The only question is whether the user can select a hidden folder in the "Scan Folder" dialog when initiating a new scan. This, however, is a pretty minor issue in my eyes. Firstly, I think even "power users" will rarely want to scan in only the contents of a given hidden folder (it's much more common to scan a normal folder that happens to contain hidden files and folders). Secondly, if they want to, I think it's okay if they have to jump through one of the minor hoops I described (which will also be documented in the help documentation). Thirdly, I think it could be quite confusing if GrandPerspective takes the initial value for GrandPerspective's AppleShowAllFiles property from the Finder preferences. It could easily lead users to believe that GrandPerspective uses the Finder preferences, which would cause confusion when the user changes the Finder settings, and does not see the corresponding change in behaviour in GrandPerspective. This can of course be avoided if GrandPerspective does not have its own copy of the AppleShowAllFiles property, but always uses that of Finder. That, however, is not the way it's implemented in the Cocoa library, so implementing it that way would in fact be non-standard.

     
  • rdm0
    rdm0
    2009-01-03

    Actually, because things like '/usr' and other 'system' files (like /etc, /bin, /sbin, /dev, /tmp, /Volumes, etc.), are considered 'hidden files', I think that there are actually lots of reasons people might want to look through those directories. Particularly, for example, if you use Fink or MacPorts to install and use additional Unix utilities. And being able to filter views that include those make a lot of sense -- at least, to me. But perhaps I just do more development than the average user.

    So what is actually more confusing to me is when I see these directories listed in the treemap views, and then do a filter that shows no appropriate files from these directories when in fact there are some very significant ones.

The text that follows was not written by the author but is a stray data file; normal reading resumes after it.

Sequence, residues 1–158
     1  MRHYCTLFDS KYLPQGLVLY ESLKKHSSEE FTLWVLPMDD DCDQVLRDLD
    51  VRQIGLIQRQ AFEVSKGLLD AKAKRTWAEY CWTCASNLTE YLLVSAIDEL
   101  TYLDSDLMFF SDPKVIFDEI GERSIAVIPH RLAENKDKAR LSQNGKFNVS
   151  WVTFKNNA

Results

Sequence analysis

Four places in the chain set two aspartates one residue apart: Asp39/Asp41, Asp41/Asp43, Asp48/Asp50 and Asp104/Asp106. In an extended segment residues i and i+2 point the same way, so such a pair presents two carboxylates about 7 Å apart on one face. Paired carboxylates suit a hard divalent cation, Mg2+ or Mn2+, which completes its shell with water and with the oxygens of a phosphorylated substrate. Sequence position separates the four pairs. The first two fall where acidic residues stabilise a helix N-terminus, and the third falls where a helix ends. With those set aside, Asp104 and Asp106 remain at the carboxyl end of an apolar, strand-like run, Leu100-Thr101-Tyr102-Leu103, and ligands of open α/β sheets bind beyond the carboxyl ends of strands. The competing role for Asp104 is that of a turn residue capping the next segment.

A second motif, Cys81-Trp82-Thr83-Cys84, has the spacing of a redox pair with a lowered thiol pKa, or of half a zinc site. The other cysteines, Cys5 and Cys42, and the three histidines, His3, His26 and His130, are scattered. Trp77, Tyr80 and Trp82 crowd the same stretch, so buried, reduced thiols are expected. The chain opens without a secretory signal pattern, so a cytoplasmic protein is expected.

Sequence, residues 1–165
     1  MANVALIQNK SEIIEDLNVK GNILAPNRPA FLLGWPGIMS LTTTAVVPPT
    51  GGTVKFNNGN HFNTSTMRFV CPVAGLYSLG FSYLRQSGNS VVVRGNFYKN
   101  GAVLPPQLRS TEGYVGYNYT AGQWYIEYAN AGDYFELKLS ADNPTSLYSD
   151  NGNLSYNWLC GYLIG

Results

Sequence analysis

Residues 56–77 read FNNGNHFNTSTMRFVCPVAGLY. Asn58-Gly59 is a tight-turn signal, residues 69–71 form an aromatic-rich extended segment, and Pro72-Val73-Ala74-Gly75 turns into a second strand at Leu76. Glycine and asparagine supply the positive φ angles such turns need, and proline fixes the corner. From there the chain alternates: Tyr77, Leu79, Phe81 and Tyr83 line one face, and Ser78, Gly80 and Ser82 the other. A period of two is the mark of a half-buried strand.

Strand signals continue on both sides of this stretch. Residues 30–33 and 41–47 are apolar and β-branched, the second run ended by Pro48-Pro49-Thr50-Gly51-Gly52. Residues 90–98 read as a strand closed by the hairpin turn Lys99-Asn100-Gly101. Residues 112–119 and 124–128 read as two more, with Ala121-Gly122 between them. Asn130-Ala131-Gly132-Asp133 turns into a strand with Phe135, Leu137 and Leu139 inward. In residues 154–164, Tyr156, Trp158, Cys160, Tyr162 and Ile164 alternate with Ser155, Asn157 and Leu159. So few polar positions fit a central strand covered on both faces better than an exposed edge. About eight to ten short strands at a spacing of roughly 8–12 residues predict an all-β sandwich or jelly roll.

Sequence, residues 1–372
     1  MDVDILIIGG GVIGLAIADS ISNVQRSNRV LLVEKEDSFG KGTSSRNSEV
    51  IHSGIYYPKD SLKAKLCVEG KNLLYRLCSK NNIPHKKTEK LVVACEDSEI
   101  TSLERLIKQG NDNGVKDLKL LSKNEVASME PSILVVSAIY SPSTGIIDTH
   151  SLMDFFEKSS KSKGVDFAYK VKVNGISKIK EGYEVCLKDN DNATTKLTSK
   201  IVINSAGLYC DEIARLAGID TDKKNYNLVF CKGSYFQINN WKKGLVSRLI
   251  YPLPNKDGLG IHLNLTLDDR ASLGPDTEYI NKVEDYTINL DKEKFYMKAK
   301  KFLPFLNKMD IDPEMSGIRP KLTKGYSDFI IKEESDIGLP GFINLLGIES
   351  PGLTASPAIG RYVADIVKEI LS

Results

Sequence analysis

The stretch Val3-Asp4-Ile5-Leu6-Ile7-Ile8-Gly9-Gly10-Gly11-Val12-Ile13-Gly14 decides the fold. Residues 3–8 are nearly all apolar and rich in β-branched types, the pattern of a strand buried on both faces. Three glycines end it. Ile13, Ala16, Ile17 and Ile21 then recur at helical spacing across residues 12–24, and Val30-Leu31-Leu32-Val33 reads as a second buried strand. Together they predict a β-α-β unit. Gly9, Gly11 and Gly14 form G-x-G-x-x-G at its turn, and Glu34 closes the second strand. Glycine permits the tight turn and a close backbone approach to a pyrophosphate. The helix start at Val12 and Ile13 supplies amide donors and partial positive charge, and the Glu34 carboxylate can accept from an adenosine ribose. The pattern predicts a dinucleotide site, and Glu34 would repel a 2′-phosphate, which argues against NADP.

If you feel copying the current Finder setting of 'Show Hidden Files and Directories' is 'non-standard', then I still have trouble understanding why users (who are trusted with seeing and setting this setting for the Finder) should somehow be 'protected' from having a similar setting in the GrandPerspective Preferences. I really feel not being able to obviously set this is actually more confusing. In fact, I would expect most people who run into the issue of finding these files not being included in the filters to actually file a bug report, rather than think to search through the documentation and find out why this occurs (particularly if they see the directories in the treemaps already). So I think making a setting (which may or may not take the default from the Finder setting) available to user makes the user's life easier.

    But then, I guess I see the hiding of any files to be an artificial contrivance. So I guess I feel it shouldn't be so hard for users to disable this contrivance. After all, most users will probably leave the setting alone, and thus default to the situation you think should be the default, anyway. I guess I just don't see the 'confusion factor' being all that significant, which is the basis of my argument. If your experience leads you to believe otherwise, then perhaps it is I that am missing the point. ^^;